Date of Graduation

Spring 2006


Master of Science in Psychology



Committee Chair

Robert Jones


Although nepotism is not a new subject, there are not many studies addressing the psychological issues associated with the phenomenon, particularly in the workplace. The idea of “new nepotism” has emerged with the notion that some offspring have chosen the same profession as their parents, and have not been forced into a career decision or made an opportunistic decision regardless of their ability to perform. The purpose of this study was to explore workplace nepotism using an empirical research approach. Using a career choice and self-determination theory framework, a survey was devised and sent to 673 practicing attorneys in a Midwestern metropolitan area. Lawyers were chosen for this study due to the findings of prevalence of nepotism within this population. Scales in the survey measured work satisfaction, selfdetermination in choosing a career, and workplace nepotism. Data from the returned questionnaires was analyzed and correlations among the levels of self-determination, nepotism and satisfaction were determined. Results show that self-determination is positively correlated with work satisfaction regardless of the presence of nepotism in the workplace. Self-determination was negatively correlated with coercive nepotism and positively correlated with self-determined nepotism. These findings support the hypothesis that individuals high in self-determination are more likely to choose a career based on full volition and by doing so will have higher work satisfaction.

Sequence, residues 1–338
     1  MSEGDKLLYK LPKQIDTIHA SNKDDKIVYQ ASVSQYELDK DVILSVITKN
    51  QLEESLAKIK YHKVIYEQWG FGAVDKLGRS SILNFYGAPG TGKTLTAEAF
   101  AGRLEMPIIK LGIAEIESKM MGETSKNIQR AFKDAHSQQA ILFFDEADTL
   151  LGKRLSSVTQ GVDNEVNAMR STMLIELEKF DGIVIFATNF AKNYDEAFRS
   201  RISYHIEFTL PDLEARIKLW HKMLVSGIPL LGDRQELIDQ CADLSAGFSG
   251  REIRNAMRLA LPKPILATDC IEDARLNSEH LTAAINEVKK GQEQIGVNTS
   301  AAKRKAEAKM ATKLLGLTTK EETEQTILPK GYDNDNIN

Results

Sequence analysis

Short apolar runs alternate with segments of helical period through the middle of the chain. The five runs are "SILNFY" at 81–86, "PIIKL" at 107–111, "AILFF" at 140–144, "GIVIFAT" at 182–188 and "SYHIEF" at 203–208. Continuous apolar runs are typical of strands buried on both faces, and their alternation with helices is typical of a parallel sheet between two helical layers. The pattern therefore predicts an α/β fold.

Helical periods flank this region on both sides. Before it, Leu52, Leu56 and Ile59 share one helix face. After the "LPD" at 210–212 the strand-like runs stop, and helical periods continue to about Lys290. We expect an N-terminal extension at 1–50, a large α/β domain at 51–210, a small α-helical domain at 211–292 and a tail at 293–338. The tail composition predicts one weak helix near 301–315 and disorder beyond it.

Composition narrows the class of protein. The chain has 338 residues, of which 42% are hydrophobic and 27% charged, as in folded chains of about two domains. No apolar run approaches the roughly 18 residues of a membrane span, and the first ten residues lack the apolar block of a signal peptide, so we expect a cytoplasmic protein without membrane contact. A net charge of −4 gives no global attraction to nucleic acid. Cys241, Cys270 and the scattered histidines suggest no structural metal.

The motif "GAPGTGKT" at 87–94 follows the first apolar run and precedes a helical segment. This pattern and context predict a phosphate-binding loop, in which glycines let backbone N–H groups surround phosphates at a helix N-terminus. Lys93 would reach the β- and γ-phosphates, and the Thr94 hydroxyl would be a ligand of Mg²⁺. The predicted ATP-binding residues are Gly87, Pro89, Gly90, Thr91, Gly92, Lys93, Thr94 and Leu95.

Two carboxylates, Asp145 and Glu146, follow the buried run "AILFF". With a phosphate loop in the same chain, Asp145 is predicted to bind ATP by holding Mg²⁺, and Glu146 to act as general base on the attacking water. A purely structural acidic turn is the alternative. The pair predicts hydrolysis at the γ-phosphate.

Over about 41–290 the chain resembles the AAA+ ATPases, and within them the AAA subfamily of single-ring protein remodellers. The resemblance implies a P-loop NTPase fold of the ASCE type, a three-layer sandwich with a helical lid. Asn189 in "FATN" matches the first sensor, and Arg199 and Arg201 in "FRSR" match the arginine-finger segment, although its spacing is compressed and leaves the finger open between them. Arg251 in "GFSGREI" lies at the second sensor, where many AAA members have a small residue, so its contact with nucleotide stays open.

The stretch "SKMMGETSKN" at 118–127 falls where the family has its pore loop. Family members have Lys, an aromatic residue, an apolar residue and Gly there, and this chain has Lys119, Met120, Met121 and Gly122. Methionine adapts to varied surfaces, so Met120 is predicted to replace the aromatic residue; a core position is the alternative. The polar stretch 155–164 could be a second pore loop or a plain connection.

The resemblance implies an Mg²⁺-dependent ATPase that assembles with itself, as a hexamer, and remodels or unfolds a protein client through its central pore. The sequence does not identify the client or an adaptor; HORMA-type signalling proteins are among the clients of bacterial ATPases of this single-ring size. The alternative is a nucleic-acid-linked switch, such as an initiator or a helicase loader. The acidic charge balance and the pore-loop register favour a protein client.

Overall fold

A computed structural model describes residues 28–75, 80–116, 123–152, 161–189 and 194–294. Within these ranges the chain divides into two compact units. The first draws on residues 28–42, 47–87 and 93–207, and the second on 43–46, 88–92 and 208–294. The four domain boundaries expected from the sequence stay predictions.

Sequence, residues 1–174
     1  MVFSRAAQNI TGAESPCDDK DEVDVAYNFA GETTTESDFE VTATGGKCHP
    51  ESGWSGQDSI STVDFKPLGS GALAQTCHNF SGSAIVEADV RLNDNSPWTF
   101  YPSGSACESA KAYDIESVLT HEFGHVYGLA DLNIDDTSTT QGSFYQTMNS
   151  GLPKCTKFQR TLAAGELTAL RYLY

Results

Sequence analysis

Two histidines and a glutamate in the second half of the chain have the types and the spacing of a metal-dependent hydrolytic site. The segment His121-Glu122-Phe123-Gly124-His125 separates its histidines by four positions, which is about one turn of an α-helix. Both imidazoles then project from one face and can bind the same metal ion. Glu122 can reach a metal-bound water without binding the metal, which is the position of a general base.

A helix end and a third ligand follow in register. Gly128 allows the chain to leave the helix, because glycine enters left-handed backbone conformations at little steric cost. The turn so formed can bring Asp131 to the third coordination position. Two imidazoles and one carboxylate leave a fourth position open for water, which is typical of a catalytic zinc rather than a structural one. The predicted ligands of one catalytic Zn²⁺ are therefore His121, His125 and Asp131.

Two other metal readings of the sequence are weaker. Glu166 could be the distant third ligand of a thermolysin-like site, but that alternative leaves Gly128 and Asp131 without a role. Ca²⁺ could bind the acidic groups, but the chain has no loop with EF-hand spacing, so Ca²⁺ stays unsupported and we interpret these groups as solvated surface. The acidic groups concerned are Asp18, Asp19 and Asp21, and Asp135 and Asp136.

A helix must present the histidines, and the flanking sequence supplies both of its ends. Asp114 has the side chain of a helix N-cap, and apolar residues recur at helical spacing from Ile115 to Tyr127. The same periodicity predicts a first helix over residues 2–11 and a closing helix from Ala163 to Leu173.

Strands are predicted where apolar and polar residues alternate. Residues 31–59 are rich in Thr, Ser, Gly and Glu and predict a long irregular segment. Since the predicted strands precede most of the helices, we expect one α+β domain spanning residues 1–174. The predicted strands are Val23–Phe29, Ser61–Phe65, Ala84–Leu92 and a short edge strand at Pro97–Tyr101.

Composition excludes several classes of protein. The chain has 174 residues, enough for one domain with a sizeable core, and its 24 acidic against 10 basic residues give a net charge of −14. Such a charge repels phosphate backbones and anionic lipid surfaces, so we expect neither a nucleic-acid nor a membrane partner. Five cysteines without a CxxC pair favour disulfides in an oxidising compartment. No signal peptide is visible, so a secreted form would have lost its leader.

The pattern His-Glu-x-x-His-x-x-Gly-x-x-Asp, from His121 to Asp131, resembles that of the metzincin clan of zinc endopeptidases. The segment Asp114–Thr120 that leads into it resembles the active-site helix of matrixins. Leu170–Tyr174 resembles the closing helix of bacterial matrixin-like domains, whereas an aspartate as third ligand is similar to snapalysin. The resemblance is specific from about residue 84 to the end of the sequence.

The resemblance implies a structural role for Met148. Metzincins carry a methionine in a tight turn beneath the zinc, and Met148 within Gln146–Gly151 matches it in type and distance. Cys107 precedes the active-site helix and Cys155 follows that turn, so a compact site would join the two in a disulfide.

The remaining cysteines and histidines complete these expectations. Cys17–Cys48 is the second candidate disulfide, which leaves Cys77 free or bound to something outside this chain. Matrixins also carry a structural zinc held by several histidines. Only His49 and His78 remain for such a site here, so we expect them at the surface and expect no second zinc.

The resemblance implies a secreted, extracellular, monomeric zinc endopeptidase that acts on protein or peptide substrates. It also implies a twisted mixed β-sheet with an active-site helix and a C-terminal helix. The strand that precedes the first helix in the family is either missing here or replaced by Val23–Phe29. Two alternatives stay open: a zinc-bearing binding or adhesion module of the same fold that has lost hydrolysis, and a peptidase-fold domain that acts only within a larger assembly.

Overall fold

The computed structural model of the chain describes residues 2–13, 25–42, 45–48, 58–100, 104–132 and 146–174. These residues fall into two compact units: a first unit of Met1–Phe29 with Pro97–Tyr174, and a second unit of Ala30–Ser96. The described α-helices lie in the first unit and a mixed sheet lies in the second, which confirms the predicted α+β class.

Nepotism, Self-determination, Satisfaction, Law, Occupation

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© Tracy L Stout

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